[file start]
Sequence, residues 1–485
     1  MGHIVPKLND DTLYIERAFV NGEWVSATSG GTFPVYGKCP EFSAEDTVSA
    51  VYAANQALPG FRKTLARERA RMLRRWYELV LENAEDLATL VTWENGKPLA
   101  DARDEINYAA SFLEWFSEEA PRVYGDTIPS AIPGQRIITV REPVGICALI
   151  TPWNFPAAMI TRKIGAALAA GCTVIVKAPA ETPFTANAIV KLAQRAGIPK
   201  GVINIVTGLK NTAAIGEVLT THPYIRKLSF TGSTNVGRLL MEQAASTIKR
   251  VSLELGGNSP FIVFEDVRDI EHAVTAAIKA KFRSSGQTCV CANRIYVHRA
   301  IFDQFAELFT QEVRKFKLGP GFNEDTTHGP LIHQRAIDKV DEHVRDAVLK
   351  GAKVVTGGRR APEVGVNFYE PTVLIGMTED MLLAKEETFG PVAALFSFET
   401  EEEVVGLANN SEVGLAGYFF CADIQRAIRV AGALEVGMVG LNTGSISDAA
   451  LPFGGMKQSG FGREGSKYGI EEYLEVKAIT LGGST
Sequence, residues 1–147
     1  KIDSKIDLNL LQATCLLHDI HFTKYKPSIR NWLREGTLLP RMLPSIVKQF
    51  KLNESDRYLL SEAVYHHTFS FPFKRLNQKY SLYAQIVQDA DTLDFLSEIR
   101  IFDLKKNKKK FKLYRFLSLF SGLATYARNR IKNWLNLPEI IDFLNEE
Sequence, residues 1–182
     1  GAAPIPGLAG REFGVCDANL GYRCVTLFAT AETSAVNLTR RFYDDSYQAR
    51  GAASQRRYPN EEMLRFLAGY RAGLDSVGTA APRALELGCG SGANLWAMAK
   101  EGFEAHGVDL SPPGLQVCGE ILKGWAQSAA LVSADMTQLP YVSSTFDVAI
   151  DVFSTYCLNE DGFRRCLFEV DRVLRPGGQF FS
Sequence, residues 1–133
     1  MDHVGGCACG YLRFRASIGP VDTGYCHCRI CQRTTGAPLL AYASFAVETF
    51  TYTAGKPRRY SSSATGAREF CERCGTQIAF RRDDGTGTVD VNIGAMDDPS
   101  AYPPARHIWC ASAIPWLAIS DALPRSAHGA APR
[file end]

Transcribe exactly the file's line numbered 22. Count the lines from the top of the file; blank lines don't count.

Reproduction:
     1  MDHVGGCACG YLRFRASIGP VDTGYCHCRI CQRTTGAPLL AYASFAVETF